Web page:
By Joe DeLoach, OD, FAAO
March 13, 2019
You may primarily think of HIPAA when you think about legal compliance, but another huge area of concern is human resources law. Here are the key HR laws to be aware of, along with pointers on managing compliance.
Key Areas of Concern
All HR laws are important, however there are some laws that received heightened attention from regulators last year, and are expected to receive even more attention this year. These include discrimination, harassment, obtaining criminal background checks, credit history and salary history on prospective or current employees, mis-classification of employees (improperly paying employees on a salary basis), improper classification of part-time doctors as contract labor and mandatory sick-pay laws.
The Practice Owner is Ultimately Responsible for All Compliance
As employers, practice owners are bound by all federal and state HR laws. As the employer, they are are the only ones who can ensure their practice policies are compliant, fair and applied in a consistent manner. HR laws are written to protect employees, not employers.
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Managing HR in a practice requires a sound working knowledge of federal and state HR laws and a good relationship with HR consultants. Unless a support staff has this kind of extensive HR knowledge and support, they should not be placed in a position to manage HR.
Support staff with the responsibility of managing the practice’s HR program are the only individuals who should be trained in HR. The rest of the employees should be informed of the employer’s policies by the employee or an HR manual. Review of employer HR policies with review of the employee manual should be part of the new employee’s first-day orientation process.
Get Outside Help to Support Compliance
HR consultants and compliance companies are the best source for assistance in developing and maintaining compliant HR programs. HR laws change rapidly, and without external support, no small business employer has a chance of keeping up with the rapidly changing HR environment.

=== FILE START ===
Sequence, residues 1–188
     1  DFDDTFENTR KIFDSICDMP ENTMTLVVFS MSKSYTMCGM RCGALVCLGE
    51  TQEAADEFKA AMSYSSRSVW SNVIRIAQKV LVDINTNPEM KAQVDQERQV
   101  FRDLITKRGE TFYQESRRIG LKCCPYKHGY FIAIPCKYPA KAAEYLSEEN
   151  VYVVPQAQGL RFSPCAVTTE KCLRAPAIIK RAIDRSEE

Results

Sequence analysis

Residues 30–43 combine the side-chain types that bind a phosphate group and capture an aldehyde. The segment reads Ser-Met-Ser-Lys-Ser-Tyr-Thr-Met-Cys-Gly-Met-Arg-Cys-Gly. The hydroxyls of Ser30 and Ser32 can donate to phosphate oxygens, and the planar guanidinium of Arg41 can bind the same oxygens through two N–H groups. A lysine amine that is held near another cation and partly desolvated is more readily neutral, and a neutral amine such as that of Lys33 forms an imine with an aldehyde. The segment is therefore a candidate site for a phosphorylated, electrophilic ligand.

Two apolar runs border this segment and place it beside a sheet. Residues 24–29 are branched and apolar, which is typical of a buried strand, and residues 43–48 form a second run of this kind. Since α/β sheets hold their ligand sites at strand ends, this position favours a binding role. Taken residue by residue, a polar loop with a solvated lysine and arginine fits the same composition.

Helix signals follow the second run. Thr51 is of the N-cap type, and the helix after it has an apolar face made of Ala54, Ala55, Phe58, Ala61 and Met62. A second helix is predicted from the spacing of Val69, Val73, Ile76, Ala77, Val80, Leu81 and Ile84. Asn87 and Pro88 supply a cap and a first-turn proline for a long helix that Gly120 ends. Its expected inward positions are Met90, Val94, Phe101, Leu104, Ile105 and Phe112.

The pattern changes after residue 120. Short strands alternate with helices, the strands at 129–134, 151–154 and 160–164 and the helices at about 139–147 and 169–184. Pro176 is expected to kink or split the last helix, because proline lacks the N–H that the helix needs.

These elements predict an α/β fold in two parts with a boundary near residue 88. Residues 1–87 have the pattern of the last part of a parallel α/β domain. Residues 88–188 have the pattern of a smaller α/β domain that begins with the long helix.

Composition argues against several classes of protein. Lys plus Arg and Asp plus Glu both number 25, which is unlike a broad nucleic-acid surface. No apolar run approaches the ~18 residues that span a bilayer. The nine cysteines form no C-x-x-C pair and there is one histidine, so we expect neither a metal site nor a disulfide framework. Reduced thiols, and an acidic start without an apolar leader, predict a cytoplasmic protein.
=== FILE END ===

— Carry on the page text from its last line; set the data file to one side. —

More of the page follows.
In the first quarter of 2019 alone, over 2,000 new HR laws were introduced across the country. Payroll companies often offer HR programs as part of, or in addition to, their payroll services. Whatever source of help is used, the key is finding a consultant with their finger on the ever-changing HR laws.
Employers have an obligation to employees to know and keep up with the law. The best HR advice is to not be naive – get the help needed to develop sound, compliant HR policies before a problem happens.
You Need a Comprehensive Employee Manual
By far, the most common HR mistake is not having a comprehensive employee manual with HR policies consistent with current federal law and the individual HR laws of the state. The second most common problem is not applying those policies in a fair and non-discriminatory manner. The third most common problem is employers believing the great HR myth – “my staff loves me and would never hurt me.”
People are generally good, then life happens. If a potential violation of HR law occurs, the employer should first discuss the problem with their HR consultant. The consultant can help decide the severity of the problem and offer suggestions for action. In many cases, the employer will ultimately require the services of an HR attorney.
What Happens When You’ve Violated an HR Law
Notification of violations typically happens one of two ways. If a federal or state agency determines that a potential HR problem exists, the employer is almost always notified by mail. It is imperative to answer any requests in the time frame specified in the notification. Equally common is notification through an attorney hired by a current or former employee. This will also almost always happen by mail.
Penalties for HR violations are always severe for several reasons. First, the monetary fines commonly reach in to six figures plus legal costs associated with defense. Second, government agencies share names of individuals who have violated laws with other regulatory agencies. It is a tattletale system in the compliance world. Third, HR violations can be damaging to an employer’s reputation as much as their pocketbook.
If Current Employees Help Interview Prospective Employees, Be Careful
A commonly recommended practice is to have all, or some, of the current staff members “interview” prospective employees. In the current age of complex HR laws and heightened sensitivities in areas of discrimination, this is no longer a good idea – in fact it is a dangerous decision.
Only individuals thoroughly trained in proper and legal interviewing protocols should question the prospective employee. It is fine to introduce the applicant to everyone, but letting other staff members talk to applicants is a bad idea.